The film version of The Perks of Being a Wallflower is set to be released on September, 21, 2012 and stars Logan Lerman. Paul Rudd (as Charlie’s English teacher) and Emma Watson (as Charlie’s love interest Sam) co-star.

Paul Rudd

Chbosky, S. (1999). The perks of being a wallflower. New York, NY: Pocket Books.

City of Bones

City of Bones is the first book in the Mortal Instruments series. Set in New York City, 15-year-old Clary is the main character in this urban fantasy novel. The book opens as she witnesses a murder where only she can see the killers and the body disappears. She befriends one of the murderers, Jace, and soon Clary discovers she lives in a magical world of Shadowhunters, demons, vampires, and werewolves.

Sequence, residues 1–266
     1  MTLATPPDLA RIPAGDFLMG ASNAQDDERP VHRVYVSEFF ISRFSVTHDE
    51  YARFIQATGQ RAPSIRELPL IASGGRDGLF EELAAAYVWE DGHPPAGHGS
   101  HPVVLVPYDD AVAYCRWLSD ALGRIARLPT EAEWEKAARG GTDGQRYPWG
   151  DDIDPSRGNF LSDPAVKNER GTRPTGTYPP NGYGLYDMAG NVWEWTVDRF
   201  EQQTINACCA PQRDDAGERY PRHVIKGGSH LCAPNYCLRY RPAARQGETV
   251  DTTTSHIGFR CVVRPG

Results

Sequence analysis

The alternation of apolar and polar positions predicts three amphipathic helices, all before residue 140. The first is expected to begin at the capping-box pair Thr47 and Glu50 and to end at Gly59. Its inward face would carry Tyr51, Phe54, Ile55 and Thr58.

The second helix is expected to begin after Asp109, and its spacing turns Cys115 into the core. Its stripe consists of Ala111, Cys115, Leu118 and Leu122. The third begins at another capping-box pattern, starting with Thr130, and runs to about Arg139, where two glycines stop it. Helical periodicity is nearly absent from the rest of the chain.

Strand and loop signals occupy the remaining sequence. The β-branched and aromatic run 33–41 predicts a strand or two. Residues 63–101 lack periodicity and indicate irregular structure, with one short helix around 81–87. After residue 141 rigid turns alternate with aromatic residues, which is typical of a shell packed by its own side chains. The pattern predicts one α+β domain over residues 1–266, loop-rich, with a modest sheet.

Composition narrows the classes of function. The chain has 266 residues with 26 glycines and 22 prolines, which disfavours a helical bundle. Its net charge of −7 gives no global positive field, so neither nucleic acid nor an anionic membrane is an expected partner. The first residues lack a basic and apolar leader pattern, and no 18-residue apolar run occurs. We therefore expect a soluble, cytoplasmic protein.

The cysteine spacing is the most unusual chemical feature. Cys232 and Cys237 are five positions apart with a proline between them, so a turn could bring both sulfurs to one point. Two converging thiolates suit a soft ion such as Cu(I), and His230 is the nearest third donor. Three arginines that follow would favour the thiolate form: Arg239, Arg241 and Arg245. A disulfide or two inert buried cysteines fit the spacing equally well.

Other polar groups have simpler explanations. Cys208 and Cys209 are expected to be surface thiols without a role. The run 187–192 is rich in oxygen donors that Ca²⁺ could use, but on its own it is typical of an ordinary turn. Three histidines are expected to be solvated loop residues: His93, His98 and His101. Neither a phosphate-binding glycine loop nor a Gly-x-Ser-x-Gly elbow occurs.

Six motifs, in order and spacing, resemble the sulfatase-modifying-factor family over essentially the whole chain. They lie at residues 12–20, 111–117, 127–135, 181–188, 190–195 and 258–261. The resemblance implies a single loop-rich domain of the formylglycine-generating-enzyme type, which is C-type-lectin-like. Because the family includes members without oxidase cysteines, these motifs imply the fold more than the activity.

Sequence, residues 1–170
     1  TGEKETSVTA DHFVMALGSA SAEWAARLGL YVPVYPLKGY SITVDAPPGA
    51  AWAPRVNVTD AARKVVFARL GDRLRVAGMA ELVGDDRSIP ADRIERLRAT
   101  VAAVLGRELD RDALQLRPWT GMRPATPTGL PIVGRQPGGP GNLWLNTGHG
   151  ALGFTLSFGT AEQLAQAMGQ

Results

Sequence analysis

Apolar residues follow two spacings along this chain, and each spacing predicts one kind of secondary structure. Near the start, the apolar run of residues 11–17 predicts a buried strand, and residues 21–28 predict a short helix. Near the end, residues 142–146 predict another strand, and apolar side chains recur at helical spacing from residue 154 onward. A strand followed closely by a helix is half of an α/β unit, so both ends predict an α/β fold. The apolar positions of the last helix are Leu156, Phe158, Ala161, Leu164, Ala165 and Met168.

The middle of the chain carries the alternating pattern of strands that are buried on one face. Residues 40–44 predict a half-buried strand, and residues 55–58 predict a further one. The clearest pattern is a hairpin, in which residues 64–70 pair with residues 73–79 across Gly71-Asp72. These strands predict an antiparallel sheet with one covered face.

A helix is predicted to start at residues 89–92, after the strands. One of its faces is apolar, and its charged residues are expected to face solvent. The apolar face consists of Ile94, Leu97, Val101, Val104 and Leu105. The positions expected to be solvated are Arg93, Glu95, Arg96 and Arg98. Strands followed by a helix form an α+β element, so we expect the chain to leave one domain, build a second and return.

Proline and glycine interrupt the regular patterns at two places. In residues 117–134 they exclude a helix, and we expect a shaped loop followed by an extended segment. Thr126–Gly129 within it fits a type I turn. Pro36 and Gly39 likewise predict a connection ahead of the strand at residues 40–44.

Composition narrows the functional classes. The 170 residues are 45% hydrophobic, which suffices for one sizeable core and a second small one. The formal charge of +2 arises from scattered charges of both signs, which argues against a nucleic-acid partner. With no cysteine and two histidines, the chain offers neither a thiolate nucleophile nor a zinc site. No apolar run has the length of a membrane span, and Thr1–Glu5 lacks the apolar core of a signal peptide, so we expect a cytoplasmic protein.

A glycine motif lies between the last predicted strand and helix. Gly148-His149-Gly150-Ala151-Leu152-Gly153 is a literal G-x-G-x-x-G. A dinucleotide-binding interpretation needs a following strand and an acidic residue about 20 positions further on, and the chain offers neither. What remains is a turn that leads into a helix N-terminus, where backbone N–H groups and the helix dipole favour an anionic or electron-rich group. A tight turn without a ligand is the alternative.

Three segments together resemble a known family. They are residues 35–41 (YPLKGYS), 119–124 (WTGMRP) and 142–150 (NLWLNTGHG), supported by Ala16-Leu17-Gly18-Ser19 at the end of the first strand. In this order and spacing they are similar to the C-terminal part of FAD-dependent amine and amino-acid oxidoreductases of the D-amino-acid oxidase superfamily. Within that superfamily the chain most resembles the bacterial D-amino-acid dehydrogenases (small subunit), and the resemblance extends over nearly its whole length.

The film version of City of Bones is set to be released on August 23, 2013. So far the only actor definitely attached to the movie is Lily Collins, who will play Clara.

Lily Collins

Clare, C. (2007). City of bones. New York, NY: M.K. McElderry Books.

Dash & Lily’s Book of Dares

This is the third YA novel that authors Cohan and Levithan have collaborated on. (You might remember their first book, Nick & Norah’s Infinite Playlist, which became a movie starring Michael Cera.) In Dash & Lily’s Book of Dares, Lily leaves a notebook full of clues on a bookstore shelf hoping the right guy will find it and in turn, find her. Will the scavenger hunt around New York City turn into real love?

The film version of Dash & Lily’s Book of Dares is set to be released in 2013. It is being produced by Scott Rudin.

Cohn, R., & Levithan, D. (2010). Dash & Lily’s book of dares. New York, NY: Alfred A. Knopf.